You do have to pick your battles and you have to be gentle. 4 weeks ago, after a swim lesson where my daughter refused to try anything after informing the teacher that she was a great swimmer, I told my daughter I was disappointed in her for not trying. I've told her how proud I am of her after every swim lesson that she has had since and for a hundred other things. She still thinks I'm disappointed in her. The negative stuff sticks much more than the positive.
     
  10. Flying_V1968

    Flying_V1968 Member

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    I don't have kids so my opinion is basically worthless. But I see you've posted in the "HSP" thread so I know you know rearing a "genuinely nice empathetic person" can be a major challenge in this culture. I feel for you (oh, the gall!) and wish you all the best. Kudos for your efforts here; I wish more had your insight and pursuit of wisdom.

    I think you're on the right path with consistency in discipline and would add discussing these topics thoroughly with your wife so you're both on the same page with a unified front. My parents didn't let me get away with anything but I'm so glad they were strict but fair (although it sure didn't seem that way at the time!). They definitely we NOT my friends but I always knew in the back of my head they were trying to do the best they could.

    Maybe someone can come up with a better idea like dropping your children off in Somalia and let 'em tough it out... :rolleyes:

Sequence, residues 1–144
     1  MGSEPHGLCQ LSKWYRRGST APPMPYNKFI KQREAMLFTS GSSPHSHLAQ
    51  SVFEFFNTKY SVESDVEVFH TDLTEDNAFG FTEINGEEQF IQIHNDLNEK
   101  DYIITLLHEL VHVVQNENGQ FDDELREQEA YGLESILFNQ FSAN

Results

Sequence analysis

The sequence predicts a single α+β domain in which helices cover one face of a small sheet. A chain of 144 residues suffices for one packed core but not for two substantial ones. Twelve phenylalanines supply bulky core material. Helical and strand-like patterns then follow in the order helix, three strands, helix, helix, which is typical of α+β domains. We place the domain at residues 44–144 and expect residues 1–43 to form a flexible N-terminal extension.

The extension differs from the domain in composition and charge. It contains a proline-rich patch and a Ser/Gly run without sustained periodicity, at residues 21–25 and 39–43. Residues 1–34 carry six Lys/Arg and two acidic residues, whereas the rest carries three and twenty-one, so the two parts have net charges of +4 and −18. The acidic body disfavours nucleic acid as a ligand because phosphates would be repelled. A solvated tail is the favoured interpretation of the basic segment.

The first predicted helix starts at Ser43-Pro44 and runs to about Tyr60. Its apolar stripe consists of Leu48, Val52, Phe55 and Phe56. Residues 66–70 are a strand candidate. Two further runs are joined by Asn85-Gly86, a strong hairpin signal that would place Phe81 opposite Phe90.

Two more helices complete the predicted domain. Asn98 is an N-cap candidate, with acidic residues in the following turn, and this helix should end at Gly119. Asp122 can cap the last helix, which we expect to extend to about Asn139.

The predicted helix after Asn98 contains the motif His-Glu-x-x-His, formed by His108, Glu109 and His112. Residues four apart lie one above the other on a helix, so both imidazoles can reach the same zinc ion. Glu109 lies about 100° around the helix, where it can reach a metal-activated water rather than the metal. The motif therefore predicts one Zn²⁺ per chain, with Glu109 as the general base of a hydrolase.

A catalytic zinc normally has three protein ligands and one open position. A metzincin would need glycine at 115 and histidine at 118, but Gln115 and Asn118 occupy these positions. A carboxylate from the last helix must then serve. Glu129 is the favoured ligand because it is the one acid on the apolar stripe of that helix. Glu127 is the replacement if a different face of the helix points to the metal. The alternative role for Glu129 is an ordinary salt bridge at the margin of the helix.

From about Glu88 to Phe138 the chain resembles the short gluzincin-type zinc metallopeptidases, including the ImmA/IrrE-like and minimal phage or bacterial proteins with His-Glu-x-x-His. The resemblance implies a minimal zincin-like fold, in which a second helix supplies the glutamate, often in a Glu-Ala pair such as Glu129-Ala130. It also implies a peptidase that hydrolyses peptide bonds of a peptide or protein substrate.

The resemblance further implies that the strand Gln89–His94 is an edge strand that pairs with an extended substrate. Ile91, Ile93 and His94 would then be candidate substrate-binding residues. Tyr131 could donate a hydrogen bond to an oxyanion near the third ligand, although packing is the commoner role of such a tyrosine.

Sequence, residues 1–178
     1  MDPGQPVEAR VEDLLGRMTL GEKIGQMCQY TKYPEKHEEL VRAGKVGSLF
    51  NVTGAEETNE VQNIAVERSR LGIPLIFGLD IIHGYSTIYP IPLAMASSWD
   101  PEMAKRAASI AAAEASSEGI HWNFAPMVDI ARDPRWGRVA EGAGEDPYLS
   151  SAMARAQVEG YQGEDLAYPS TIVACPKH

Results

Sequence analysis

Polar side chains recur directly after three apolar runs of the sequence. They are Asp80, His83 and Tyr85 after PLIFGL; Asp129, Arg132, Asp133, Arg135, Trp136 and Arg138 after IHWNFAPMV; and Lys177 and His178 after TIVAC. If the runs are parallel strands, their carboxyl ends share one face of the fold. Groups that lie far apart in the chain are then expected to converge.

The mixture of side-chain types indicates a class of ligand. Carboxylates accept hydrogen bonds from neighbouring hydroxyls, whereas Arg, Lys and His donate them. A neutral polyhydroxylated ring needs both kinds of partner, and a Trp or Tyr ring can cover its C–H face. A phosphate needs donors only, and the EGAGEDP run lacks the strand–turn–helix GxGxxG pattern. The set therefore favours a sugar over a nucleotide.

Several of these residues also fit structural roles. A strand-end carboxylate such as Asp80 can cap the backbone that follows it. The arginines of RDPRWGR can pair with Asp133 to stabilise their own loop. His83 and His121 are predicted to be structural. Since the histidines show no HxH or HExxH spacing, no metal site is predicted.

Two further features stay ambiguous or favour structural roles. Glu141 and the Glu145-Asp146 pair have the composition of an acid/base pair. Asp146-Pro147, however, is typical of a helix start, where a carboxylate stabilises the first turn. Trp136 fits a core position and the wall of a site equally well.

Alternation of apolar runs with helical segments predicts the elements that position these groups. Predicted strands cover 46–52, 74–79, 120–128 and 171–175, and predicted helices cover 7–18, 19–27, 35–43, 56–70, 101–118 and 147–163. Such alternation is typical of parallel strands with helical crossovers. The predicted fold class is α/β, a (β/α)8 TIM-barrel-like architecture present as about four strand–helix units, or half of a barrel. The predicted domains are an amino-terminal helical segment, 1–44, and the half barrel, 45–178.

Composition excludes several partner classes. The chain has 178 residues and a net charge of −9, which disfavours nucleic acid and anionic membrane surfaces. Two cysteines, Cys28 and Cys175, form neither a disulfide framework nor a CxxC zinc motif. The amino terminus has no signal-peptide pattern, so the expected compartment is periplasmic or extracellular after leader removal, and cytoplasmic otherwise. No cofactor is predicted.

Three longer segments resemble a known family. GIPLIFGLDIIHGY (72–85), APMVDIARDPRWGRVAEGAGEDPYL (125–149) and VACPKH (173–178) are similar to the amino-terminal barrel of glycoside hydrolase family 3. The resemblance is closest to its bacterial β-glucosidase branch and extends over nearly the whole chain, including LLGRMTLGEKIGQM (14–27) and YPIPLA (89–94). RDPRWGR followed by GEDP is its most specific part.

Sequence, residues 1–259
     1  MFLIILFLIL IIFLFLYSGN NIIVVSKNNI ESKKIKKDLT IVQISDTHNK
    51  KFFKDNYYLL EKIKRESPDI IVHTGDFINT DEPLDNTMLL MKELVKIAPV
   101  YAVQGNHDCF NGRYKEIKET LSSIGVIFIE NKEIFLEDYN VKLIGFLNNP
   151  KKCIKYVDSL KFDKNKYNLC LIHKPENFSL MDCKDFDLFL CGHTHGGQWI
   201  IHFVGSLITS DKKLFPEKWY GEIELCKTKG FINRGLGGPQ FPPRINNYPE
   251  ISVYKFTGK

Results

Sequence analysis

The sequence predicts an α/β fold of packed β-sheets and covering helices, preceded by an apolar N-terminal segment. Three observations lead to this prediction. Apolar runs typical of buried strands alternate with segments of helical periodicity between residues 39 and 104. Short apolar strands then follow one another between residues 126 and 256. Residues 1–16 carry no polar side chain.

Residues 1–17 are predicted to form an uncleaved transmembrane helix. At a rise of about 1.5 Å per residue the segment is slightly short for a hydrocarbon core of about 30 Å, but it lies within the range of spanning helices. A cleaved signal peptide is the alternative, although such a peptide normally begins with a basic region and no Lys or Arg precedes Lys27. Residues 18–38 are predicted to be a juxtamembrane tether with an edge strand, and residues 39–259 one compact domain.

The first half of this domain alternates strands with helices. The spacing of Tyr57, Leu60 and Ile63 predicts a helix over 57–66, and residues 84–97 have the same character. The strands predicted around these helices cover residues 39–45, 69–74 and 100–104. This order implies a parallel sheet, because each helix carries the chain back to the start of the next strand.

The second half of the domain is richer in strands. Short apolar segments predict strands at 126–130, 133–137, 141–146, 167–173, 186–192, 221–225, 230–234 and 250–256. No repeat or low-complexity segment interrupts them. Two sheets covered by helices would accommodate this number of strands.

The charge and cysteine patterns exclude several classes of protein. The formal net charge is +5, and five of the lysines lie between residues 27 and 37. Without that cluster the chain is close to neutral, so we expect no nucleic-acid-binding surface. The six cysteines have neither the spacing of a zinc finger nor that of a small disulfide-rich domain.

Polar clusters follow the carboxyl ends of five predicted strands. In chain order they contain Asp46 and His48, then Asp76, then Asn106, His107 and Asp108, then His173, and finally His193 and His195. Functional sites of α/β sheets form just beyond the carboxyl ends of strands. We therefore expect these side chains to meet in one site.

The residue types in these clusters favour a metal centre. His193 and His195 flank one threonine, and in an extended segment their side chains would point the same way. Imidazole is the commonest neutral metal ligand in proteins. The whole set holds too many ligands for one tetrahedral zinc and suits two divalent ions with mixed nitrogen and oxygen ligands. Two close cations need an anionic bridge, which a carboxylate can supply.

Take care!
     
  11. Multicellular

    Multicellular Supporting Member

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    I'd tell her that hurt my feelings (which would be a lie, because 3/4 year olds are random) and try to communicate why it did. I wouldn't spend too much time on it, because the attention span at that age is so limited. But there is value in teaching them to reflect on their own and others emotions. It just works better in small doses and repetition. Getting really involved for 1 instance or escalating it to time-out or whatever is unlikely to pay off.
     
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  12. travisvwright

    travisvwright Member

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    Aside from Mensa level IQ, having excellent style sense, and being able to detect pointy knees; as a TGP member I'm a good enough parent that that situation would never happen in the first place.